Learning to drive and other troubles

As you may have noticed, I’ve not been writing much recently. There are several reasons for this.

Firstly, work has been insane for the last few weeks. The other day the project manager I’m working with actually asked why I haven’t crawled into a corner to whimper quietly. I explained that at Harlequin, I became completely acclimated to having an order of magnitude more work than I could ever possibly do in the time allowed. After a while, your worry circuits just burn out, and you do the best that can be done with the resources available, and document that you did so.

I’ve also been going through some bureaucracy. The necessary paperwork for the sale of my UK flat is now in the hands of the solicitors. It included a copy of my passport, which needed to be authenticated by my doctor, oddly enough—whereas the US has notaries, the UK doesn’t, and instead you’re expected to get stuff signed in the presence of your doctor or priest, or a certified engineer, or some other notionally pillar of the community. Since the person has to have known you personally for two years, my doctor was the obvious choice.

To add to the excitement, said passport is expiring in October, and the bureaucrats in the UK (and various other nations) have decided that you’re no longer allowed to enter the country if your passport is within six months of expiring. I can only assume that terrorists don’t commit atrocities until 6 months before their passports expire, because they don’t want to waste the effort they went to to get the document. “Hey, I’ve paid for the ten years, why not use them?”

So, my passport has to go to Washington DC. They don’t expect or want me to go with it, but it does mean that once again I can’t leave the country until expensive paperwork is done.

Last week Dan brought round an old HP laptop. It had been taken to the store for repair, because the DVD-ROM drive was broken. The highly trained engineers at the store had decided it was a software problem, probably something to do with drivers, and that Dan should just reinstall Windows.

Needless to say, the machine wouldn’t boot any kind of CD, not even a Windows install CD. Instead, the drive made sad little clunking noises. So, I ordered the cheapest replacement drive I could find, and fitted it. Then at the weekend, we started the “Teach Dan Linux” project.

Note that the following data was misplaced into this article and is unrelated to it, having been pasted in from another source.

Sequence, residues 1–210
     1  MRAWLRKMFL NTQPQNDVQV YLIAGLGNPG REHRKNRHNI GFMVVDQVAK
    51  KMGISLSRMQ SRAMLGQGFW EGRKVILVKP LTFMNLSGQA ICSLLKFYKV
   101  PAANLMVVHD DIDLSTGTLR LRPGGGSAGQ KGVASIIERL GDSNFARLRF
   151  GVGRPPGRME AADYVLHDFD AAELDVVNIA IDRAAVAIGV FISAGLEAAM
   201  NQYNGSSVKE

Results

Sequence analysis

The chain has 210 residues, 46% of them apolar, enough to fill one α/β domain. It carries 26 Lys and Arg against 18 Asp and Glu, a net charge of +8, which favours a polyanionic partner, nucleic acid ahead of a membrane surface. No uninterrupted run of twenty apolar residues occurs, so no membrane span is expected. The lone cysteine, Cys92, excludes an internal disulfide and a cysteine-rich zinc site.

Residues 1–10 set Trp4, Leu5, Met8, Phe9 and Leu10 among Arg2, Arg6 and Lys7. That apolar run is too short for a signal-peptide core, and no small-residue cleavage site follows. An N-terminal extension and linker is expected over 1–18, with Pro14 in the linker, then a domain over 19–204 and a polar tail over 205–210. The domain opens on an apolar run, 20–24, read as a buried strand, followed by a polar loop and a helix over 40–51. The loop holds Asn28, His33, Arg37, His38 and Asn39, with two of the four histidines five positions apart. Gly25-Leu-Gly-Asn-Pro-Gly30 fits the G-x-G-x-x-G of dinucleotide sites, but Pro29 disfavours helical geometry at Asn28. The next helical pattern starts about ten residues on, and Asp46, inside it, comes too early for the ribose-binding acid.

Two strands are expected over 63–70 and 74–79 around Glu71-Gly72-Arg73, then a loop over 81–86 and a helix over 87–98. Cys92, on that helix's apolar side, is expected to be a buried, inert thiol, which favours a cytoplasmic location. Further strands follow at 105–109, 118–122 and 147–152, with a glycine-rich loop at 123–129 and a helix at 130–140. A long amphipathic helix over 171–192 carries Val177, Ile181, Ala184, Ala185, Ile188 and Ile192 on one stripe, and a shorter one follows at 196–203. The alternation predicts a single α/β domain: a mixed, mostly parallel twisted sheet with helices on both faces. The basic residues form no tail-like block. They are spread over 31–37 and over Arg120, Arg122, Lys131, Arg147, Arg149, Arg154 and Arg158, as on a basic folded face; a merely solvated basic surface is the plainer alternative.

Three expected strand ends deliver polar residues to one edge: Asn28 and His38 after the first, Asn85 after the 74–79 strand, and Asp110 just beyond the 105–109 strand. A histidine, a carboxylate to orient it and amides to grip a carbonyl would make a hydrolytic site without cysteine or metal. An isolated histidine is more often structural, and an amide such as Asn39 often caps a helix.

Since the objective was forcible education, we installed Gentoo. So, that was pretty much the weekend gone. For those who care, XFree86 doesn’t work properly on S3 Savage IX cards, but X.org works perfectly. Oh, and KDE takes a hell of a long time to compile on a Celeron…

Today it was time for further adventure. Having spent a month or two studing now and again, I felt ready enough to go to the Mass RMV and get a permit to learn to drive one of those four-wheeled metal contraptions that seems to be so popular. The test was a bit odd, including questions like how many days I have to file a complaint if my license is suspended. Yeah, like I need to know that while driving. Still, whizzed through it in under ten minutes and got my permit.

So tomorrow, I guess I call one of the local schools and arrange some driving instruction, since we don’t have a car. I took lessons and a test in the UK, but that combined the twin nightmares of High Wycombe’s roads and manual transmission. High Wycombe, bizarrely enough, is at the bottom of a crater, so every start is a hill start. To add to the fun it has a lot of one-way streets, an abundant supply of 18 wheelers delivering to shops, and a “magic roundabout” consisting of multiple mini-roundabouts around one huge one, allowing you to go around the big roundabout in either direction. If you recover from that, they let you try the really big roundabout up the hill, which has traffic lights on it.

So yeah, I’m expecting Cambridge and Somerville to be a fair bit easier to deal with. Plus, this time I’m actually motivated.

In fairness to Wycombe, I should mention that it is the best place in the entire universe to buy a sofa. And that just outside is Marlow, which takes us back to Dan. But anyway…

The test was still nerve-wracking, because I still have major issues around examinations. Which could be a problem, as IBM expects me to take some to get certified as a project manager. Maybe it’s time for therapy?

I’ve also finished as much of Legend of Zelda: Ocarina of Time as I think I care to—specifically, everything except the silly final battle. Dammit, Jim, I’m an explorer and puzzle solver, not a twitch gamer. So I’ve purchased Burnout 2: Point of Impact, an educational arcade driving game where you get points for driving as recklessly as possible.

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